'If you encountered someone open carrying'... (oh for cryin' out loud, what, you want to pee your pants? Run away? Why should it be any big deal as long as they are behaving themselves?)

'You have a bulge in your pants' (Really? Probably got a couple of 'em and if you ain't young, cute and female....don't ask!)

'Does gun control reduce crime' (Does anybody bother to check the newswires for places like Chicago,which has strict gun control and a body count worse than Baghdad?!)

'CCW classes,good or bad' (who the hell cares? If you want the license, you go to the class!)

'Best carry gun' (answer---whatever works for you! There is no ''best' that works for everyone, so quit trying to find one)

'Tell me why I should carry my 1911' (hell, I don't care if you carry a *&^ brick and throw it at the bad guys. You can do whatever you want too)

'How good a shot are you?' (With what? At what range? What is the target? Compared to whom?)

Are you starting to get my point? I just skip right over these kinds of threads as they are just a waste of time. Now if you want to ask a serious question about the ballistic drop of a .40 S&W vs. that of a .45 at 80 yards....fine, that would be good. But this other junk? I'll pass....

JCisHe
July 7, 2009, 12:51 PM
I know some old timers who are very careful and others who are bumbling fools. I know some new guys that can't shoot for crap but are VERY careful and others who aren't so careful and shoot good.

It's the elitist folks who treat people badly and frankly I just don't talk to them. People in general are different so their habits are different. Some have bad habits they've done for millennia while others have just started and some good etc...

The "super" shooters are jerks. Disregard them and practice safety as it was taught to you. Then keep researching and you will get better on your own along with the help of those who are helpful.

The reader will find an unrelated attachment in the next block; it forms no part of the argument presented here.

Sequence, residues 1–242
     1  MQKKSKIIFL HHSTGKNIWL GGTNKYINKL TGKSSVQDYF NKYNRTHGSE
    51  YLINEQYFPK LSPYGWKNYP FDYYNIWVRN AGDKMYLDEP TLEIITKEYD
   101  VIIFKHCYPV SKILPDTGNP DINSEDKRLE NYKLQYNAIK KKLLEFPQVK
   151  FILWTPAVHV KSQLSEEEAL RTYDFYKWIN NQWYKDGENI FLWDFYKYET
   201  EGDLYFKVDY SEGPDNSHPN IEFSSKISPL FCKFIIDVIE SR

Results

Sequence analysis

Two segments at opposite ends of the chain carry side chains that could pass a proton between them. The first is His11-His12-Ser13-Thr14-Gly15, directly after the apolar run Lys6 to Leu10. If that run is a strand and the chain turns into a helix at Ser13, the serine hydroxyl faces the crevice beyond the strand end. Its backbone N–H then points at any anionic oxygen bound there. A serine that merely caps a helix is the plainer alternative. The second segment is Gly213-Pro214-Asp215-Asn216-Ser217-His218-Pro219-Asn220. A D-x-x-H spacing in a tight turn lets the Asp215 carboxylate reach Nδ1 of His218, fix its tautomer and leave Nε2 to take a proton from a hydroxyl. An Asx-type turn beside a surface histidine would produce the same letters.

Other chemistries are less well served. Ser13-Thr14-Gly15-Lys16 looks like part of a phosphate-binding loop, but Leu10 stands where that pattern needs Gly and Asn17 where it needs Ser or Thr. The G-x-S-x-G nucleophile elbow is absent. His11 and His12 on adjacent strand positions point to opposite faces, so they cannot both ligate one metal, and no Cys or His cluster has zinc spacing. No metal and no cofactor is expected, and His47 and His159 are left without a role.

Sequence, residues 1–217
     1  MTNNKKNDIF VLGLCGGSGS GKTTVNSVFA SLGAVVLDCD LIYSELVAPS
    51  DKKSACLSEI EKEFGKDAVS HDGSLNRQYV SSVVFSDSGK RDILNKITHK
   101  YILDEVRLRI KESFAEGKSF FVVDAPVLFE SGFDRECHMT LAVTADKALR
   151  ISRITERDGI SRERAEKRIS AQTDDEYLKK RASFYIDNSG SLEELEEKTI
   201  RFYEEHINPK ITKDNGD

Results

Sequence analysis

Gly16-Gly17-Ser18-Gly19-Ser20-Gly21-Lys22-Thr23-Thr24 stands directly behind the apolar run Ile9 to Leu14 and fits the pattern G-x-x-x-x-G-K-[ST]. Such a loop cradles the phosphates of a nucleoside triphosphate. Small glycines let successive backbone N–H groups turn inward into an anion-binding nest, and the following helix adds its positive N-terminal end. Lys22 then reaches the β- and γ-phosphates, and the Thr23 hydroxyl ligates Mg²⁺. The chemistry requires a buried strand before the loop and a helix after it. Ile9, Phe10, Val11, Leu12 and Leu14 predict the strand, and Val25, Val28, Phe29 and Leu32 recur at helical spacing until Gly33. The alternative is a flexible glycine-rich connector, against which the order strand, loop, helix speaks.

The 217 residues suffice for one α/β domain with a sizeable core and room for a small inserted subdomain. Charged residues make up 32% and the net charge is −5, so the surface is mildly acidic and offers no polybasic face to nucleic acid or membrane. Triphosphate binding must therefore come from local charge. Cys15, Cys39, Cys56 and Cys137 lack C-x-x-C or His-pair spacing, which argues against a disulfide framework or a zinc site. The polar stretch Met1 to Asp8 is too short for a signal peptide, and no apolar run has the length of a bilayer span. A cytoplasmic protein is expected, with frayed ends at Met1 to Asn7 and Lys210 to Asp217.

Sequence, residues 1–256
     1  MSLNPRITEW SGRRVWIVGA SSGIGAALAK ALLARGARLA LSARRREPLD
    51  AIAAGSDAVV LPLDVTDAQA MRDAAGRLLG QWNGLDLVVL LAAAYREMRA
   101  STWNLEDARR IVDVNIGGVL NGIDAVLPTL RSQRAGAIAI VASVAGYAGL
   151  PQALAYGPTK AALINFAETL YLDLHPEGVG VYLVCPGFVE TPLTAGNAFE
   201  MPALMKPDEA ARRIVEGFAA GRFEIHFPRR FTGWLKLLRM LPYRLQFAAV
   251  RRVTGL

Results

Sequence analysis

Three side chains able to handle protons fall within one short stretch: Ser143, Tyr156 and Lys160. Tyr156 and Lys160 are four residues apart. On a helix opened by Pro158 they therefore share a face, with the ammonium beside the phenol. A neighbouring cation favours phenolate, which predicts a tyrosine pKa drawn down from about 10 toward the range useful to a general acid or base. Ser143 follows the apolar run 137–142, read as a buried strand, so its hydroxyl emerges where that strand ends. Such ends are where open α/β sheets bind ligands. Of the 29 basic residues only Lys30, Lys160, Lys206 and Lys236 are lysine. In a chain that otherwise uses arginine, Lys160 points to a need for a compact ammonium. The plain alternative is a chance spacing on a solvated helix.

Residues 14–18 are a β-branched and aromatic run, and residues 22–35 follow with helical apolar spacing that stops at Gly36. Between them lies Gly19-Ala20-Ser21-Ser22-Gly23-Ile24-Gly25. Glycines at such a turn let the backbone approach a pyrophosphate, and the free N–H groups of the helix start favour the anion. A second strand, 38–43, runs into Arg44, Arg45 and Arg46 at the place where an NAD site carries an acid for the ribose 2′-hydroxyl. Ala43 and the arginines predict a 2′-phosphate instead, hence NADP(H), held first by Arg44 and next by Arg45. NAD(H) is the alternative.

Regards,
Beau

ezypikns
July 7, 2009, 12:56 PM
I just skip right over these kinds of threads as they are just a waste of time.

But I believe the OP is talking about new shooters with legitimate questions. And not the "What Caliber for Zombies" kind.

And to be perfectly honest, sometimes a newbie doesn't KNOW how dumb his question really is.

ar10
July 7, 2009, 01:01 PM
I was just sharing an article about how the old time shooters seem to dislike the new shooters... not only my opinion, but American Handgunner seems to feel the same.

I don't like or dislike any shooters at the range. What I care about is how well or how poorly they shoot. And I have booted old and new shooters off the range at times. In other words old experienced shooters are treated equally as new shooters.

mcdonl
July 7, 2009, 01:43 PM
Walkalong.... sorry if I sounded like I think there are better internet sites... I do not think that is the case... I think that when it comes to a collection of knowledge, THR is the best. I also feel as though THR is the best because of the mods and their handwork keeping people on the High Road. But, I do feel as though printed publications a) have money to get some advice from some experts who are given the time to think about what they write, and b) attract some of the "old time" pro's who may stay away from the internet for many of the same fundamental reasons I posted this thread to begin with...

Loneviking... with the exception of THR and a couple of other sites, I think that internet resources are pretty lame. As a matter of fact, if you type in a well thought out question in Google, or Yahoo it brings you here... I agree, maybe more new THR users should use the search function, but this is an open forum and sometimes people like to discuss items for their own benefit and entertainment, and the fact that others get information from these discussions is an added benefit. I feel bad that you are annoyed by some of these posts but they are all valid points. Maybe not to you, with your vast experience but to someone who is new to the sport, and is interesting in carrying what the best carry gun is *IS* a good question. If they do not know what they are looking for then the answer "what works best for you" is of no help at all.

Leroy

mcdonl
July 7, 2009, 01:44 PM
I don't like or dislike any shooters at the range. What I care about is how well or how poorly they shoot. And I have booted old and new shooters off the range at times. In other words old experienced shooters are treated equally as new shooters.